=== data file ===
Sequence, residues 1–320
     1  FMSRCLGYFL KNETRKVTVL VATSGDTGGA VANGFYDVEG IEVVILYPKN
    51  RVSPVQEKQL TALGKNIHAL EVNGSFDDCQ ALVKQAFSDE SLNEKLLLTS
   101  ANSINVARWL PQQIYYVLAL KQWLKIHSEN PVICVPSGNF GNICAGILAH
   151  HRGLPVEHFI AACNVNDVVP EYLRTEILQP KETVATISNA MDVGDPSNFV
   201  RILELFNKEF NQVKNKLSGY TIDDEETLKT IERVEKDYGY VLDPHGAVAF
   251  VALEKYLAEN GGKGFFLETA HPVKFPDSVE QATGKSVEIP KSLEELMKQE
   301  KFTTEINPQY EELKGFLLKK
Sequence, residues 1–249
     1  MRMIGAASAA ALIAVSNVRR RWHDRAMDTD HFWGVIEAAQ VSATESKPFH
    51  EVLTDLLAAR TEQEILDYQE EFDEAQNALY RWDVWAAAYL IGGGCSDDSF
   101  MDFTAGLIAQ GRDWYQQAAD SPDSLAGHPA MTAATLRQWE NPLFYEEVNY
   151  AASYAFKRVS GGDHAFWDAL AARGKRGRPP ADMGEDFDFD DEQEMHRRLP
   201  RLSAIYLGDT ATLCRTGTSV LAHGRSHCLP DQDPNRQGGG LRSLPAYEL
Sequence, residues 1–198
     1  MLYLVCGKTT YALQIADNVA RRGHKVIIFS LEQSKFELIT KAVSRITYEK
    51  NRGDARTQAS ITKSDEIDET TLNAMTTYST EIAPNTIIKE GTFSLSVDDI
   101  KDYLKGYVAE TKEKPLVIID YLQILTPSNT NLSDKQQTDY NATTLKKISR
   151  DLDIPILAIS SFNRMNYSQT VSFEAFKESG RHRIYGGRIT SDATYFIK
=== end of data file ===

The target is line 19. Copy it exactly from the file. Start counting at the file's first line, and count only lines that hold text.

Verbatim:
   151  DLDIPILAIS SFNRMNYSQT VSFEAFKESG RHRIYGGRIT SDATYFIK